Back in October 2020, I summarized the situation among supercar manufacturers Supercar Market Update Q3 2020 as:
So, how does this square with record levels of unemployment and economies that are officially in recession? When you stand back and look at both the actions governments have taken to date and the profile of the average supercar buyer, it actually makes some sense. Governments have pumped an enormous amount of cheap money into their economies while providing free cash directly to their citizens. All of this has served to postpone the pain of significant parts of economy shutting down for an extended period. Property prices haven’t crashed, and in some areas have actually increased as many of those that can afford to flee from cities to the countryside have. Global stock markets have recovered from an initial dramatic dip. The Dow Jones Industrial Average is up 12% from where it was at a year ago and the FTSE is down a similar level. The FTSE performance is probably more driven by Brexit uncertainty than Covid-19. All in, the net financial impact of all this on the average supercar buyer has been fairly neutral and many have not felt a significant decline in their overall net wealth. With sports, entertainment, dining out & travel basically shut down or significantly reduced and expensive vacations off the agenda for the foreseeable future, supercars have been one of the few available outlets and its driven sales. Most of these sales have happened in the $50k-$300k end of the supercar market, and it will be interesting to see how sustainable this is as the summer driving season turns towards winter in the northern hemisphere. Where in most recessions, the pain is spread across society, the economic impact of Covid-19 has really started at the bottom of the economic ladder and is now working its way up. With a second Covid-19 wave now hitting both Europe and the US, a quick recovery seems like wishful thinking.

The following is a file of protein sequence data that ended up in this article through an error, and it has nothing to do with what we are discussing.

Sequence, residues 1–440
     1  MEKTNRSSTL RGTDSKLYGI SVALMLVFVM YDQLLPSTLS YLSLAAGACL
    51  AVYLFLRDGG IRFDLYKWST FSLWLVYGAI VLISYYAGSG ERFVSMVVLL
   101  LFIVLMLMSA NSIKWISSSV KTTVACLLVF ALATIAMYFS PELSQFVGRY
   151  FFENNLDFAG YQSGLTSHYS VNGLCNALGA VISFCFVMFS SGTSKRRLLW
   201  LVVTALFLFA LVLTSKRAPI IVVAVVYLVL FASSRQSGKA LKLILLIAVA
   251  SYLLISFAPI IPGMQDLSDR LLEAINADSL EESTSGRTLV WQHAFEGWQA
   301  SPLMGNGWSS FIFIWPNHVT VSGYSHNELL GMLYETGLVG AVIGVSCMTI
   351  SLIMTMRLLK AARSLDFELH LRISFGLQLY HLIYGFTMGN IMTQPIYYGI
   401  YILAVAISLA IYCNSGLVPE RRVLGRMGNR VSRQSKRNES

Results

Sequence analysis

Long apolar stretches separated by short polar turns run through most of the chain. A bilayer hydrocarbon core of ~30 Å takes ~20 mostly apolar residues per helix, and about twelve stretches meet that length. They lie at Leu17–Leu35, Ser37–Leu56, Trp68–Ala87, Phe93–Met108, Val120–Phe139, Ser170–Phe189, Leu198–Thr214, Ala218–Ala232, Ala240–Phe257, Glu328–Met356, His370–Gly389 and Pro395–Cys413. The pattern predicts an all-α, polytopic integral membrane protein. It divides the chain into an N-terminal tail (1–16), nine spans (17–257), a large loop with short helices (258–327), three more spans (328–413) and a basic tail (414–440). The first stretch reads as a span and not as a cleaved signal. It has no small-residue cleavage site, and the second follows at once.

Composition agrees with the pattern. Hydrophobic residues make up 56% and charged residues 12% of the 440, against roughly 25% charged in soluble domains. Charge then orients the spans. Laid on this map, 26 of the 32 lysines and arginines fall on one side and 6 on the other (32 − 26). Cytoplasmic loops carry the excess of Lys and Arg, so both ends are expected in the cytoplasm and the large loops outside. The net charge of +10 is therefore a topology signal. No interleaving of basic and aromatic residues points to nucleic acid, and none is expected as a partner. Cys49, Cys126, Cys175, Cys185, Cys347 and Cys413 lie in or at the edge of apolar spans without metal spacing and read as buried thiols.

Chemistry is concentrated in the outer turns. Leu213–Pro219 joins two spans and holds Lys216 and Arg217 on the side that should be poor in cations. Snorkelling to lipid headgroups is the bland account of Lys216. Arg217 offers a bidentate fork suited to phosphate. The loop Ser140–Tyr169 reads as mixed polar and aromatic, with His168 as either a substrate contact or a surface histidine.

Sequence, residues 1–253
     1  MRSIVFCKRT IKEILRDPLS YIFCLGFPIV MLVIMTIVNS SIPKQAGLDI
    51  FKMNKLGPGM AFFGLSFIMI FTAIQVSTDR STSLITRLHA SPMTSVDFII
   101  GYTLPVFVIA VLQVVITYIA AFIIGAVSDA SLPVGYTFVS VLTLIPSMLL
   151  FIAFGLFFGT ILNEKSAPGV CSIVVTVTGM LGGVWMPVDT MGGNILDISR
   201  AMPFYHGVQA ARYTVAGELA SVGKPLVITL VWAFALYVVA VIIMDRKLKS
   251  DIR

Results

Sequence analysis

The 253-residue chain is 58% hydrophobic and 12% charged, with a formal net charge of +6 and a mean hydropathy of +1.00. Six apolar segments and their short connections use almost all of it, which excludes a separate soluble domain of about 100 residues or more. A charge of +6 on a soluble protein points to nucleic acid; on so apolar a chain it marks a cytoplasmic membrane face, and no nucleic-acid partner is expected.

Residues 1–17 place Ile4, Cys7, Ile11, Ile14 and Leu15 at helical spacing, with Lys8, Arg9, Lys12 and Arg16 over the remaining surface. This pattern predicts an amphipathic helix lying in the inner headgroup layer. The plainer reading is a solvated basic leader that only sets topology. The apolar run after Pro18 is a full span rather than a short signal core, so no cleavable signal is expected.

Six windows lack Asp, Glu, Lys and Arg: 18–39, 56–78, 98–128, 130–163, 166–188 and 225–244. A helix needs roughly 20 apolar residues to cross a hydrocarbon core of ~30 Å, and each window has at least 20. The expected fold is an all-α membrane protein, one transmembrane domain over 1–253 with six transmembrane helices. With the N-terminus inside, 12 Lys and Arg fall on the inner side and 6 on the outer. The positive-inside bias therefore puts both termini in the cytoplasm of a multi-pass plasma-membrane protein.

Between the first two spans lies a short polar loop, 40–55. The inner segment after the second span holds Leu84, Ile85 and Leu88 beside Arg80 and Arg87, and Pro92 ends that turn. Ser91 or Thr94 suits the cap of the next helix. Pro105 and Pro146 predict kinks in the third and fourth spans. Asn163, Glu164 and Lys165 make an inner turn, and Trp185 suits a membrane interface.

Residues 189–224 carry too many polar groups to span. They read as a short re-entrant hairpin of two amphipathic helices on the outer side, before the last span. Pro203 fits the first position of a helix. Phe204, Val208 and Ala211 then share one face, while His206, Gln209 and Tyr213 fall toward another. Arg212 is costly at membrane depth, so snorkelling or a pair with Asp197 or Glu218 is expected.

In summary, right now we have a supercar market that has enjoyed summer. However, all bets are now off. The Covid driven factory shutdowns greatly helped a number of manufacturers clear excess inventory, but it also inflected severe financial pain on almost all. Not all manufacturers will survive, and those that have so far are already talking about much more modest ambitions. The Covid-19 pandemic is far from over, many of the changes it has caused are now permanent and the new normal, whenever it finally emerges, will certainly be different from the way the world looked in 2019.
Which brings us too today. We are still a long way from normal but there is a general feeling that the new normal now lurks somewhere over the horizon. There are three Covid-19 vaccines currently approved and being administered in multiple countries with the potential that a few more candidates will receive approval shortly. Supermarket shelves are well stocked in general these days and toilet paper is no longer the world’s most valuable commodity. That’s the good news and with it comes hope for a much brighter tomorrow. Today’s reality is a completely different story though. New daily cases of Covid-19 hit a new all-time high of over 800k worldwide in January now totaling over 100 million with over 2 million deaths. In the US more people have died of Covid-19 in less than a year than died in all of World War II. Multiple countries are in lockdowns and global travel bans are being reimposed where they had been lifted. Governments in the EU and North America are borrowing heavily to fund both Relief & Stimulus Packages with public debt levels now reaching new all-time highs. The early rollout of vaccinations has not gone smoothly in any country with the possible exception of Israel. Most countries are well behind their initial targets and it is expected that supply problems with both the Pfizer and Astra Zeneca vaccines will take at least another month or two to sort out. When looking at the projected vaccine production forecasts over the next couple of quarters, if all goes well, most of the developed world has a chance of achieving herd immunity late this year but it will then take another 12-18 months for the developing world to reach the same point.